In the run up to the 2013 Giro d’Italia (May 4-26), it has been difficult to look past Bradley Wiggins (Sky) and Vincenzo Nibali (Astana) as potential winners of the pink jersey. While Sky has maintained its seemingly unbeatable stage race model into 2013, Nibali has been dominant in Italian races.
But Grand Tours never run exactly in accordance with the script. In last year’s Giro, for instance, eventual winner Ryder Hesjedal went into the race as something of an outsider, while virtually no-one predicted a podium for Thomas de Ghent (Vacansoleil).
Many riders will not yet have shown their hand and grand tours are always characterised by multiple twists and turns, so despite Wiggins and Nibali’s apparent superiority, there are many riders who could defeat them.
One of them won’t be Ivan Basso. The Cannondale rider will not start due to a painful cyst.
Bradley Wiggins, 33, Sky
Last year’s Tour de France champion has not found success as easy to come by this year, managing fifth place in both the Tour of Cataluyna and Giro del Trentino and still missing a first win of the season, but he will still go into the Giro as favourite. His rivals are yet to find a successful counter-strategy to overcome Sky’s Tour-winning model of protecting their leader with a suffocatingly metronomic pace, and with a sizeable number of time-trialing kilometres and riders as strong as Rigoberto Uran, Sergio Henao and Kanstantsin Siutsou to support him it will be very difficult to gain any time on the Brit.
Vincenzo Nibali, 28, Astana
Nibali goes into the race seeking to complete the grand slam of Italian stage races, having already won the Tirreno Adriatico and Giro del Trentino earlier this year. The 28-year old has developed into one of the world’s leading riders in recent years, and the Giro d’Italia is the main race missing from the Italian’s palmares. To win it he will probably have to drop Wiggins at some point, which is something he has struggled with in the past, particularly in last year’s Tour; even in his recent win in Trentino, Wiggins was distanced due to the misfortune of a mechanical.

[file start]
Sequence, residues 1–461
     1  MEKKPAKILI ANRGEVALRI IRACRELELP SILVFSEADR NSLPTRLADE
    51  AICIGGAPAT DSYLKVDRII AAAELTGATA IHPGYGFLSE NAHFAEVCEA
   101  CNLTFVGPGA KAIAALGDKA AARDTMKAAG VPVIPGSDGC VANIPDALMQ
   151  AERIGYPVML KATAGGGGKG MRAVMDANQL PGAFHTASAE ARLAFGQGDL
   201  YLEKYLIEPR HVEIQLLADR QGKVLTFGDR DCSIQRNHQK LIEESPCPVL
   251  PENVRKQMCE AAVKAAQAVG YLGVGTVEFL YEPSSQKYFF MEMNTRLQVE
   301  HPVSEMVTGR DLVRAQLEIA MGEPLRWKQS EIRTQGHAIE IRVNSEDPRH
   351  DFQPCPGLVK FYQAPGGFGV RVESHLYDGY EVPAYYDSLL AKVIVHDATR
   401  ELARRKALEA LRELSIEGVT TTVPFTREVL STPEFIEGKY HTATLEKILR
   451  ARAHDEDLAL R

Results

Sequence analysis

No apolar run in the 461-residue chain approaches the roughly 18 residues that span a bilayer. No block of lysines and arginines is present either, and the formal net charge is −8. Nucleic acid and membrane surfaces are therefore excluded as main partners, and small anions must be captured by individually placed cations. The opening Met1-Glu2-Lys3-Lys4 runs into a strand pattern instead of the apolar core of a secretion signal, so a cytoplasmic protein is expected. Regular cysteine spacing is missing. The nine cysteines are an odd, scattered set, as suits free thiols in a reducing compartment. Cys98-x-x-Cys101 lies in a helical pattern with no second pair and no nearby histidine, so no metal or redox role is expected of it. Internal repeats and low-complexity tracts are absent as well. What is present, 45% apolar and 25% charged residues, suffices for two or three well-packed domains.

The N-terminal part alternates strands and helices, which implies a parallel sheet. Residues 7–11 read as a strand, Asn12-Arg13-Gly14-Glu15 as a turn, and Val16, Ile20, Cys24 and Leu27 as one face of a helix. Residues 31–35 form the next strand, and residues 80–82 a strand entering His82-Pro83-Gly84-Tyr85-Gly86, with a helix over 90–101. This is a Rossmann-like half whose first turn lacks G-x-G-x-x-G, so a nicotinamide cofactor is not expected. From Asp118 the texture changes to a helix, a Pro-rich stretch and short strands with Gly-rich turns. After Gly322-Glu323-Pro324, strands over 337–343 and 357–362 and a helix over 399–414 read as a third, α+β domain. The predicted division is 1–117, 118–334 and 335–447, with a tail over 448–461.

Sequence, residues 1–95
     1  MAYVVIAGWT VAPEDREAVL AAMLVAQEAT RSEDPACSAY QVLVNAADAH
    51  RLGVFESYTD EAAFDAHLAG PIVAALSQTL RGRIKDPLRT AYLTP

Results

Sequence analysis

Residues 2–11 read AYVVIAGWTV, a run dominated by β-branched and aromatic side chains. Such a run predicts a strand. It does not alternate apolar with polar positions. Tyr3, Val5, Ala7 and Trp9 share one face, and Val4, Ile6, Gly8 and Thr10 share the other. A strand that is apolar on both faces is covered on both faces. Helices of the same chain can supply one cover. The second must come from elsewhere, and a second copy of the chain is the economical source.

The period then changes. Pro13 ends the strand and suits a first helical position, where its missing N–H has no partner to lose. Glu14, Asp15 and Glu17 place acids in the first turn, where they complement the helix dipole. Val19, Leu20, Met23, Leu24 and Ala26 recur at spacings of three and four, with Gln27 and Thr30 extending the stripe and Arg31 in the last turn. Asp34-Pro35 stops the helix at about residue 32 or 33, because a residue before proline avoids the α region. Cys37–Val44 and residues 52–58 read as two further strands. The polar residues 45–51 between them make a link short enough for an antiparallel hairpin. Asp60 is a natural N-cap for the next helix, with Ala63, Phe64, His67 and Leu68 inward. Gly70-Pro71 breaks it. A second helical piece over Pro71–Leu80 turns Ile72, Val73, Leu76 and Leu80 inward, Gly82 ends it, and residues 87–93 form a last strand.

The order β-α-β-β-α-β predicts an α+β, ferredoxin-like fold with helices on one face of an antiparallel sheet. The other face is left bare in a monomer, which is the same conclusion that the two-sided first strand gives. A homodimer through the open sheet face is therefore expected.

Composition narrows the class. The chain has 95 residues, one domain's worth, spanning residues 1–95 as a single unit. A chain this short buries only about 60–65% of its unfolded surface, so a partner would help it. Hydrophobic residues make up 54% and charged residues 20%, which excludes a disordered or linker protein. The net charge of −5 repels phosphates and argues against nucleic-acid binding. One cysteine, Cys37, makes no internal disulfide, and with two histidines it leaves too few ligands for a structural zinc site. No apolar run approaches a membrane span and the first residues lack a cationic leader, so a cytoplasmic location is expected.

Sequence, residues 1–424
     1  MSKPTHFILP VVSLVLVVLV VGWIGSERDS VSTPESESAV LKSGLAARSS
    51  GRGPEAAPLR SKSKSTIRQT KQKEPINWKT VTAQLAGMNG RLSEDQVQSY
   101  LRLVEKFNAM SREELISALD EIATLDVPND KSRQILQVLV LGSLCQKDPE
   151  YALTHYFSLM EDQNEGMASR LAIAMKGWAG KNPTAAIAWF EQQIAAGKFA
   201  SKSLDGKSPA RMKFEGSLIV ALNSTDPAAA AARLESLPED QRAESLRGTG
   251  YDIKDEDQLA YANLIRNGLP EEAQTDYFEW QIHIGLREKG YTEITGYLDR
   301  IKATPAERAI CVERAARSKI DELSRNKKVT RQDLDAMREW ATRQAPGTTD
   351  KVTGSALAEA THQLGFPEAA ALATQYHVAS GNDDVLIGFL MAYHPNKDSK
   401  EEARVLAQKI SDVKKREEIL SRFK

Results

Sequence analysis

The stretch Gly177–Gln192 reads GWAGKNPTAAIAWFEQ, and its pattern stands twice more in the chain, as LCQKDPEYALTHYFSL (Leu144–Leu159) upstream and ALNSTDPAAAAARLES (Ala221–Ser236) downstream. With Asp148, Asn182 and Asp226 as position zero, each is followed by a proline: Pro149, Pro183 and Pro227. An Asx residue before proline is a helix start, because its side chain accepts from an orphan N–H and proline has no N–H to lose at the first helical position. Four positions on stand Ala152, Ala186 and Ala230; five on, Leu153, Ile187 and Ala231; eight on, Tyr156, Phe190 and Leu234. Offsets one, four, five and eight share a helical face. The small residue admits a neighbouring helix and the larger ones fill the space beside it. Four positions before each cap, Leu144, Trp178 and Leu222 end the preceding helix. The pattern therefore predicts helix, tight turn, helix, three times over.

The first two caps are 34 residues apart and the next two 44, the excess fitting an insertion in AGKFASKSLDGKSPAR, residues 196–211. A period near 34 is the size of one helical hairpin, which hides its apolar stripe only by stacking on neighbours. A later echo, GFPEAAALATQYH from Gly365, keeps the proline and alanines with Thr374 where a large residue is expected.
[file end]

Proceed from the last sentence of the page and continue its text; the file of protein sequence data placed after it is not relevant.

Ryder Hesjedal, 32, Garmin-Sharp
No defending champion has won the Giro since Miguel Indurain in 1993, but Hesjedal goes into the race with that aim. The Canadian’s 2013 has followed a very similar pattern to his 2012, with a series of quiet showings in stage races followed by an aggressive Ardennes weekend, before abandoning the Tour de Romandie to finalise his Giro preparations. But though his build up has been the same, the race scenario will not be; he goes into this year’s edition as a marked man lacking the leeway he possessed in 2012, and faces a field with bigger names to overcome.
Cadel Evans, 36, BMC
The oldest post-war Tour de France winner is looking to become the oldest winner of the Giro, and the extent to which age has caught up with him will shape his ability to do so. There is a suspicion that Evans peaked two years ago with his Tour win, as his form has been strikingly inconsistent since then. But it must be remembered that the Australian was written off by many prior to his 2011 success, so could feasibly pull off another surprise.
Samuel Sanchez, 35, Euskaltel-Euskadi
Sanchez has done nothing of note since crashing out of last year’s Tour de France, and time is running out for the 35-year-old to achieve a first grand tour victory. 18th at Tirreno and 15th at the Tour of Basque country indicate that his form is not quite there yet, but the Spaniard has a very reliable grand tour record with top seven finishes in every one of his past seven attempts, excluding last year’s Tour crash. Look out for him and Nibali to attack on descents.
Michele Scarponi, 33, Lampre-Merida
Having been awarded the 2011 Giro retrospectively following Alberto Contador’s doping conviction, Scarponi will look to win in more straightforward circumstances this time round. His form leading up to the race has been hit and miss, with an underwhelming ride at the Giro del Trentinio sandwiched between third at the Tour of Catalunya and fifth at Liege-Bastogne-Liege. In 2011 he was able to out-climb Nibali, but with two more years in his legs will struggle to do so in this year’s race.
Others to Watch
Mark Cavendish, 27, Omega Pharma-QuickStep
Much to every other sprinter’s dismay, the Manx Missile will take his place on the start-line in Naples to compete in his fourth Giro in five years. To add to his 10 stage wins he will have to overcome the likes of Matt Goss, John Degenkolb and Elia Viviani, while his Omega Pharma-QuickStep team will call upon the on-form Gianni Meersman for hillier stages.
Mauro Santambrogio, 28, Vini Fantini-Selle Italia
Every Giro, the Italian wildcards produce attacking riders that come into their own in the mountains, and this year Vini Fantini’s Mauro Santambrogio looks the most likely candidate to match the favourites on the highest slopes. As the only rider to match Nibali he finished second at the Giro del Trentino, and has since won the GP Industria, meaning that Santambrogio could be the Giro’s surprise package.
Stefano Pirazzi, 26, Bardiani Valvole-CSF Inox
In recent Giros, Pirazzi has gained a reputation as an exciting pursuer of fruitless attacks, but thus far has nothing to show for his efforts. A seventh place at the Giro del Trentino however suggests the young Italian is improving as a climber, so look out for him to improve upon his second place finish in last year’s mountains classification.